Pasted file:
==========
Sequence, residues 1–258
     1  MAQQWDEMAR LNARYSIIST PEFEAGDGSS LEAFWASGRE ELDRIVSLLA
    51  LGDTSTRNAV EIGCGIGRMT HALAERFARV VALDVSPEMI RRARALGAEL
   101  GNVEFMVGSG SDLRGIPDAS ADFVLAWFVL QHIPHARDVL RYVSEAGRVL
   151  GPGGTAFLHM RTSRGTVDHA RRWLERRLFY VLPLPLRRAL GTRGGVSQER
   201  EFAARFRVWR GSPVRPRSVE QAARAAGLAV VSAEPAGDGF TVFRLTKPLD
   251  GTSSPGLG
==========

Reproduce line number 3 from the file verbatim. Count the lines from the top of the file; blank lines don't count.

    51  LGDTSTRNAV EIGCGIGRMT HALAERFARV VALDVSPEMI RRARALGAEL